“We are rough and ready because these are not finalised yet. We think in three years or so we can get about 50 new airports across the country. These will be no-frills airports. Of these, at least 10 will be operational within a year,” he told a select group of aviation reporters here.
These are part of the new civil aviation policy, cleared by the Cabinet on June 15, that aims to take flying to the masses, the Minister said. The country has 400-odd airstrips, some owned by states.
Some of these airports will be revived under the plan, he said. Each of these airports will need around Rs 100 crore of investment or around Rs 5,000 crore in total investment, and envisages the state concerned to provide the land, security, fire service and water among other facilities free of cost, Raju said, adding private parties are most welcome to come forward to build these airports as greenfield projects.
He talked about free security, noting that CISF is prohibitively costly which can easily kill the very regional connectivity scheme.
With a steep fall in aviation turbine fuel prices since mid-2014, the country has become the fastest-growing aviation market in the world, clipping at an average of 20 per cent growth in domestic traffic every month. “We are trying to convert a wish-list into a work-list now,” the Minister said. He said Maharashtra will be the first state to sign a regional connectivity scheme agreement and exuded confidence other states will also come on board.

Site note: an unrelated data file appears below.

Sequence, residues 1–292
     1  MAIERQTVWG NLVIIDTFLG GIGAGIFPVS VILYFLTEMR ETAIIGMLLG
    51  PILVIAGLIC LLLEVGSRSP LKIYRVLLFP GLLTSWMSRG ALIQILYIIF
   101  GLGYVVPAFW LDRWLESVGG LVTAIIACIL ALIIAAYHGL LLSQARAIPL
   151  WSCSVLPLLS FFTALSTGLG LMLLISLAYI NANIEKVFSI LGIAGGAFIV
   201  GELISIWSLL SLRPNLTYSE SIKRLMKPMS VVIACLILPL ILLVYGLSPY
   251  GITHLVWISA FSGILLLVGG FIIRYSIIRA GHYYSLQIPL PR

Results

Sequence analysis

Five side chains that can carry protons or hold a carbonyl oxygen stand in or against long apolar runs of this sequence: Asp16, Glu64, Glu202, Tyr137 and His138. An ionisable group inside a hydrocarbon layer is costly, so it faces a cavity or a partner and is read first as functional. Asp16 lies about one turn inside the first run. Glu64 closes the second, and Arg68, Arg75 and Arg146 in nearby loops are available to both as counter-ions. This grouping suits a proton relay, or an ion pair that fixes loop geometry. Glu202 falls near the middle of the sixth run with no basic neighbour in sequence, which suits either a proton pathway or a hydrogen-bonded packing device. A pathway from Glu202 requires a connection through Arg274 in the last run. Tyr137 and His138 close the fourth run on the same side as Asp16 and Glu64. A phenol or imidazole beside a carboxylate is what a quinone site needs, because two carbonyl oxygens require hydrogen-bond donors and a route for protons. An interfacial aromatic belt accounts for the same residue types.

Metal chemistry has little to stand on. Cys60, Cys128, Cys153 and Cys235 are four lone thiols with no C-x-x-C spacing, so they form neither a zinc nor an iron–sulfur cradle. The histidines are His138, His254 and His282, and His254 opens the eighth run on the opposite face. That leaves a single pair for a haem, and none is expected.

The regional connectivity plan will be based on the viability gap funding model for three years, under which 80 per cent of the cost will be borne by the Centre and the rest by the State. In case of the Northeast, it will be 90:10, Raju said. Of the 50 airports, 32 are Airports Authority-owned but are completely non-functional, he said. “In fact, they are non-performing assets for us.” “We are trying to put all these non-performing assets into effective utilisation rather than investing afresh. Each airport will require at least Rs 100 crore for reconstruction,” the Minister said.
Flights from Ahmedabad to Gulf can now skip Pakistan airspace
Indian carriers operating from Ahmedabad to Gulf can now avoid flying over Pakistan airspace and take a new route over Arabian sea, even as regulator DGCA said the ‘straightening’ of the path has been done to save fuel and not because of any “political issue”. The redrawing of the route, which reportedly has been done at the request of some carriers, comes at a time when bilateral ties have been strained between India and Pakistan, raising concerns about the move.
Rejecting any such apprehensions, a senior DGCA official on Tuesday said there is “no political issue” in the matter, as reflected in some reports. “Airports Authority of India (AAI) has straightened the route from Ahmedabad to Gulf which will save on fuel,” the Directorate General of Civil Aviation (DGCA) said. “On the existing route from Ahmedabad to Gulf, our carriers fly over Pakistan airspace. However, on new route, they will not fly over Pakistan airspace,” the official said. AAI provides air traffic management services in the Indian airspace and adjoining oceanic areas.